Mentions: A group-level analysis was also performed to identify the locus of pitch processing across animals. The IRN-NBN contrast revealed large, significant clusters of BOLD activity centered bilaterally over PAF (Fig 3). The extracted BOLD signal time course for a 1 mm sphere surrounding the maximally significant voxel for this contrast are presented in Fig 4 for the left (panel A) and right (panel B) hemispheres. While a majority of pitch imaging studies in humans have employed this contrast (IRN-NBN), it has been suggested that this contrast is insufficient to truly image pitch-specific regions since the process involved in generating IRN stimuli introduces modulations of signal strength that are unrelated to the pitch percept, and which are not present in filtered Gaussian noise [11]. In an attempt to further isolate pitch-related information, BOLD signal changes in response to an IRN stimulus were contrasted against the response to a no-pitch IRN stimulus (IRNo) in which phase components are randomized to remove the pitch percept, but preserve the slowly changing signal modulations. This contrast (IRN-IRNo) revealed some auditory cortex activity bilaterally, but this failed to reach significance (data not shown).

Bottom Line: Rather, cortical areas surrounding the posterior ectosylvian sulcus responded preferentially to the IRN stimulus when compared to narrowband noise, with group analyses revealing bilateral activity centred in the posterior auditory field (PAF).This study demonstrates that fMRI is useful for identifying pitch-related processing in cat cortex, and identifies cortical areas that warrant further investigation.Moreover, we have taken the first steps in identifying a useful animal model for the study of pitch perception.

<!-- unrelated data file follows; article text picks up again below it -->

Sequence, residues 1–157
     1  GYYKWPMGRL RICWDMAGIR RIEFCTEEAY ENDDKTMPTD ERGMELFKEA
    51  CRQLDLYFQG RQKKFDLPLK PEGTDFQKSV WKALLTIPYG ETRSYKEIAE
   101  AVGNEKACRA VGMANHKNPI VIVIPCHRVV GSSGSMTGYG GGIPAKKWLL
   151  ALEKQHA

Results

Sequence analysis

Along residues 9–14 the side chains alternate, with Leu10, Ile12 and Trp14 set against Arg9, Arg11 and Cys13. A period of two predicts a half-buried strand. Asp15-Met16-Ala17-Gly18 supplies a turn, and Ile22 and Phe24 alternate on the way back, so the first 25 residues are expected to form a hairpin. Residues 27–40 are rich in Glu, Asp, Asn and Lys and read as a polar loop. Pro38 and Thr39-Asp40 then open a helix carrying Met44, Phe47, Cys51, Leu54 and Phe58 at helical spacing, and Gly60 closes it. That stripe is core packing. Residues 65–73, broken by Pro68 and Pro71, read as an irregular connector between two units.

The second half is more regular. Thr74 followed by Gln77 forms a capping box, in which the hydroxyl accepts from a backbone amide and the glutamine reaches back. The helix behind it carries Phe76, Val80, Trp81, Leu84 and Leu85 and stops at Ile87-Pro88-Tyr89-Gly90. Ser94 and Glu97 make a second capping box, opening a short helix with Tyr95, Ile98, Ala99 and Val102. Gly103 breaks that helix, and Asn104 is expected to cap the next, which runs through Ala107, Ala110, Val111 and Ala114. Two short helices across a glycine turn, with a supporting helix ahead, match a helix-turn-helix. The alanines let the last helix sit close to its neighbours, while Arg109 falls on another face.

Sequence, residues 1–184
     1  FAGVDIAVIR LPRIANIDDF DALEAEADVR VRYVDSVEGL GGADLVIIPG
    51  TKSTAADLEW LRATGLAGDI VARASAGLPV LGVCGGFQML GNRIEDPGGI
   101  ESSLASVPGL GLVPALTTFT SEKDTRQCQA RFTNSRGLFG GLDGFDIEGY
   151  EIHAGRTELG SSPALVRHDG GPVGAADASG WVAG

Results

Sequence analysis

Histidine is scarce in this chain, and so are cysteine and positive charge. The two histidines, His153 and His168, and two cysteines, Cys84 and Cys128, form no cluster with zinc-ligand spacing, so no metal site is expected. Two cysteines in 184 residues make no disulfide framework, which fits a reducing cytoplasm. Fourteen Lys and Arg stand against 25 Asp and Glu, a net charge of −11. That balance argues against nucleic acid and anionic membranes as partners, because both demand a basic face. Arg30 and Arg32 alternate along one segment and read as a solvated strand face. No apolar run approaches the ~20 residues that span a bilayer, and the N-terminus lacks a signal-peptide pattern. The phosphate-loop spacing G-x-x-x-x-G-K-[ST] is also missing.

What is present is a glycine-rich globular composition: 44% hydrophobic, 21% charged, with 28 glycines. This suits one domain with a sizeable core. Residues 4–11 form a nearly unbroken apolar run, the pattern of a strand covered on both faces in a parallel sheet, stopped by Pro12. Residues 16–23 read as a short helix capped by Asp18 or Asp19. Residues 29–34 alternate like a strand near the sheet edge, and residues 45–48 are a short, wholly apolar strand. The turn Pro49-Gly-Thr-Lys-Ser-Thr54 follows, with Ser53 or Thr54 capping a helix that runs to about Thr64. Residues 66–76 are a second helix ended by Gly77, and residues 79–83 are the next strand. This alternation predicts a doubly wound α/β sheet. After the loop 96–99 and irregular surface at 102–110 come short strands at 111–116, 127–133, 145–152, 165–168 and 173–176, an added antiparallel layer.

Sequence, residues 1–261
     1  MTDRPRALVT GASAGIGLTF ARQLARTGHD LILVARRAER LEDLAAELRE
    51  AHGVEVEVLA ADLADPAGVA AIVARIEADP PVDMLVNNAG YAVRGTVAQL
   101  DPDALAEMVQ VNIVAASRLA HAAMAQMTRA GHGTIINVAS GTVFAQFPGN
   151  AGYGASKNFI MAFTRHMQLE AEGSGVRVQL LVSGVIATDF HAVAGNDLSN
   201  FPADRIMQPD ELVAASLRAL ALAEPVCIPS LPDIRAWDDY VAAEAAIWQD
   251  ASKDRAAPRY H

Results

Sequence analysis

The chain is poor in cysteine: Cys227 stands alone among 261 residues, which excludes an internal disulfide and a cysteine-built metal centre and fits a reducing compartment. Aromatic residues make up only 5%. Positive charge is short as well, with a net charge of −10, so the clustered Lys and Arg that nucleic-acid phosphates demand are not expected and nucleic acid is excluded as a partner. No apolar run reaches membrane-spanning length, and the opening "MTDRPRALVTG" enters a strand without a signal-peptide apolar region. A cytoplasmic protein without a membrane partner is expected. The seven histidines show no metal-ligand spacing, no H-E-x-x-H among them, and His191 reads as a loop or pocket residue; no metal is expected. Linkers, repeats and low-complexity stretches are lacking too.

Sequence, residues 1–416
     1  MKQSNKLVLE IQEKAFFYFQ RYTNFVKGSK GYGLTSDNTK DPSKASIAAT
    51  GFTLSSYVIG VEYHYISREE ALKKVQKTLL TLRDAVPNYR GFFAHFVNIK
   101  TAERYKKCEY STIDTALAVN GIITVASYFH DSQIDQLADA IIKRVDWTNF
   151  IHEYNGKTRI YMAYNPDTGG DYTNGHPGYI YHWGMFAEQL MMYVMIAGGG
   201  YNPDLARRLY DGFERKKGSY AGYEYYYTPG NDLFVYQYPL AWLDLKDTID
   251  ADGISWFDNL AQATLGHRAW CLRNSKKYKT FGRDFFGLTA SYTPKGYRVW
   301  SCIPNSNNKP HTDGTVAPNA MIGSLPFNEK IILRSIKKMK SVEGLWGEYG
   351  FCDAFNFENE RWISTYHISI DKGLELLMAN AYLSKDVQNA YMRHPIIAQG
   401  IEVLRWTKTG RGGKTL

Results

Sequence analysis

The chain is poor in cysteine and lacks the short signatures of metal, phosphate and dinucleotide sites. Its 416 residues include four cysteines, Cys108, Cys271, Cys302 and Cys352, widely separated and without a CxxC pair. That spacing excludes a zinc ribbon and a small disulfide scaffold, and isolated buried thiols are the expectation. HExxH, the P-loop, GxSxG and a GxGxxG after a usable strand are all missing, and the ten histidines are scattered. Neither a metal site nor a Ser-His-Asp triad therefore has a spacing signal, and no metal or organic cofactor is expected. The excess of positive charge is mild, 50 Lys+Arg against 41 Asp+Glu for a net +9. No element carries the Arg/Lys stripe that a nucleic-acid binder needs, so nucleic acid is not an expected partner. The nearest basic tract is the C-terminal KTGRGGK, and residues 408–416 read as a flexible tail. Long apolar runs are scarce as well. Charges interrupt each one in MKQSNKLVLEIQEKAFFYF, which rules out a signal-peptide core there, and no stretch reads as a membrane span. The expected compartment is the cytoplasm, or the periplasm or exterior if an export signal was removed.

View Article: PubMed Central - PubMed

Affiliation: Department of Physiology and Pharmacology, University of Western Ontario, London, Ontario, Canada; Brain and Mind Institute, University of Western Ontario, London, Ontario, Canada.

ABSTRACT
The perception of pitch is a widely studied and hotly debated topic in human hearing. Many of these studies combine functional imaging techniques with stimuli designed to disambiguate the percept of pitch from frequency information present in the stimulus. While useful in identifying potential "pitch centres" in cortex, the existence of truly pitch-responsive neurons requires single neuron-level measures that can only be undertaken in animal models. While a number of animals have been shown to be sensitive to pitch, few studies have addressed the location of cortical generators of pitch percepts in non-human models. The current study uses high-field functional magnetic resonance imaging (fMRI) of the feline brain in an attempt to identify regions of cortex that show increased activity in response to pitch-evoking stimuli. Cats were presented with iterated rippled noise (IRN) stimuli, narrowband noise stimuli with the same spectral profile but no perceivable pitch, and a processed IRN stimulus in which phase components were randomized to preserve slowly changing modulations in the absence of pitch (IRNo). Pitch-related activity was not observed to occur in either primary auditory cortex (A1) or the anterior auditory field (AAF) which comprise the core auditory cortex in cats. Rather, cortical areas surrounding the posterior ectosylvian sulcus responded preferentially to the IRN stimulus when compared to narrowband noise, with group analyses revealing bilateral activity centred in the posterior auditory field (PAF). This study demonstrates that fMRI is useful for identifying pitch-related processing in cat cortex, and identifies cortical areas that warrant further investigation. Moreover, we have taken the first steps in identifying a useful animal model for the study of pitch perception.

No MeSH data available.


Related in: MedlinePlus